Embracing the “Chief Integration Officer”

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Between real innovation and lots of marketing, the IT world is awash with newer, better solutions—for a specific business need or part of the organization.  This is a great time for software entrepreneurs and people with specific itches that need scratching.  Your business colleagues are finding amazing, innovative solutions they believe they can easily implement on their own. Whether it’s a SaaS tool, a mobile app, or an Excel plug-in, IT’s friends in the business think they can pull together a solution without involving the IT organization. We have arrived in the Golden Age of Shadow IT.

This column has talked about Shadow IT (aka “rogue IT,” aka “DIY IT,” many times before , and this particular blog post probably won’t be the last. What we Professionals need to do is change our way of thinking about this, and embrace the change, starting here, with a shiny new title. From here on in, “CIO” stands for Chief Integration Officer.

Well, what in the ham sandwich does this mean?  It means that our job has always been to focus the organization we lead on the hardest IT problems. And integration, my friends, is, of all IT’s responsibilities, front and center as the hardest. It’s harder than Operations (let me know if I need to address this in a future post). It’s harder than coding new functionality. And it’s harder than configuring COTS solutions (commercial, off-the-shelf solutions) to support how the business works.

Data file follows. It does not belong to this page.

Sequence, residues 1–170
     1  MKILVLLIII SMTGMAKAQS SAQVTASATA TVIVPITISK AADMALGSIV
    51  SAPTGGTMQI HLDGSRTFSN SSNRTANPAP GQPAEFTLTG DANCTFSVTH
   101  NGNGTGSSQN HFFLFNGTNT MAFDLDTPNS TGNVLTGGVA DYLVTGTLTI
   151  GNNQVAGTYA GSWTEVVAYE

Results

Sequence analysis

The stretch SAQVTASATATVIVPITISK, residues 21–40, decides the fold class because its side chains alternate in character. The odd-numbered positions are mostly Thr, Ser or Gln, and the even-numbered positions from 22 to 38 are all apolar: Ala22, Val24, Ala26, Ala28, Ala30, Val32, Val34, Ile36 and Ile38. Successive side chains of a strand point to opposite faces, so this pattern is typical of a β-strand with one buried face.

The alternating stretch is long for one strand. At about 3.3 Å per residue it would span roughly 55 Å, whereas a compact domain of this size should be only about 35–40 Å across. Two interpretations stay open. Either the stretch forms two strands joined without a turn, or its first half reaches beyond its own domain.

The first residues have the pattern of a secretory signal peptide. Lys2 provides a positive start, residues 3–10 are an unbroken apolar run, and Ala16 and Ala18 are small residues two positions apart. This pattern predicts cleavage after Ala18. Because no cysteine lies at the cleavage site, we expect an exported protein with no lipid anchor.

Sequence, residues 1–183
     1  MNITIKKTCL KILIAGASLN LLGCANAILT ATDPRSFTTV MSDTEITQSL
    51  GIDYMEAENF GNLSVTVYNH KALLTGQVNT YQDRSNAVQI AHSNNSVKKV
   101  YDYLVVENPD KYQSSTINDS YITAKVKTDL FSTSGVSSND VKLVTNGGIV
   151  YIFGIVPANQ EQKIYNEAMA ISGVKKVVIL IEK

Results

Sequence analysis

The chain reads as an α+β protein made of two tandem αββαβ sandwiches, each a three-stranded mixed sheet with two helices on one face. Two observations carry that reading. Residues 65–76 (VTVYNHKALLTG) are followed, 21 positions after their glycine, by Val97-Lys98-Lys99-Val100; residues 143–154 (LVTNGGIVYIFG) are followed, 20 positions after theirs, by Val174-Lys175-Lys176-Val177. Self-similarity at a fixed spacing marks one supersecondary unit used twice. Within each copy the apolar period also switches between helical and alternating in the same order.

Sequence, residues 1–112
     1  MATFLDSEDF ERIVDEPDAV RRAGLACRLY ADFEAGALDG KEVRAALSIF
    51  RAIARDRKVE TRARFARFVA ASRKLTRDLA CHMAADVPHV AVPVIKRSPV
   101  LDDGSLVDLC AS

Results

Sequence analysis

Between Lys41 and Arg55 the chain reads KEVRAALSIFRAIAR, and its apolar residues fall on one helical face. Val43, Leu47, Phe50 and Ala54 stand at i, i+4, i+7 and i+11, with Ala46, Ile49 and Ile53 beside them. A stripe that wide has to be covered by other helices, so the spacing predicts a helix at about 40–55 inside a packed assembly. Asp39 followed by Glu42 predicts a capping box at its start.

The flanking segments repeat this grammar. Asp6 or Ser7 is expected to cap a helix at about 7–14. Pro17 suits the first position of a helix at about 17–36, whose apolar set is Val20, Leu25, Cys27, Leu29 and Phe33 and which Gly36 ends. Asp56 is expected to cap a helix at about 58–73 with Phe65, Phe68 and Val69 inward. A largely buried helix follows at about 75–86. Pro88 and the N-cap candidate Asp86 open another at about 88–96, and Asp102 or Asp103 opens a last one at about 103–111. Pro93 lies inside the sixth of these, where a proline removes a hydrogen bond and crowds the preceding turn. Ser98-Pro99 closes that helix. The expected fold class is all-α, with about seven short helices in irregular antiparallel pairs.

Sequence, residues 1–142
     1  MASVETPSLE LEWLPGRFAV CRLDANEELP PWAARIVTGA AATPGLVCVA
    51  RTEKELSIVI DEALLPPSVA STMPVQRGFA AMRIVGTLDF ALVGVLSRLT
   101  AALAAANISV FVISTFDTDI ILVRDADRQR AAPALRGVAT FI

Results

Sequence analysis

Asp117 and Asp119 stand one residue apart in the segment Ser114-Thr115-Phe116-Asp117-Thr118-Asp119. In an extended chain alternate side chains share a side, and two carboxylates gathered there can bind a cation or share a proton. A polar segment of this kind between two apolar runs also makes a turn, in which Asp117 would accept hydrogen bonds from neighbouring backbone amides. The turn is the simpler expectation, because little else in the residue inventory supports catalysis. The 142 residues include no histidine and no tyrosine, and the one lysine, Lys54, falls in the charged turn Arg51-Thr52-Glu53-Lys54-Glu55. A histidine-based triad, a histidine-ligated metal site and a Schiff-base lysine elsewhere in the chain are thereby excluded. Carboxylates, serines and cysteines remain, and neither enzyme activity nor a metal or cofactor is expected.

What makes integration so hard is that, as someone once said, software is just an opinion. Integration means reconciling differences of these opinions – as hard to do with software as with human beings who disagree about political points of view.

I don’t mean to pooh-pooh all of the other priorities that you are also juggling. Security gives us all night terrors, legacy systems might stop “keeping the joint running” (sorry), and user support or hardware takes up a lot of time.

But integration matters more. To understand why, explore what happens when you don’t have it: “swivel-chairing” becomes the norm for creating a unified view of business data; manual re-keying becomes the norm for data synchronization; and when a business manager asks a question of two different databases they get conflicting answers.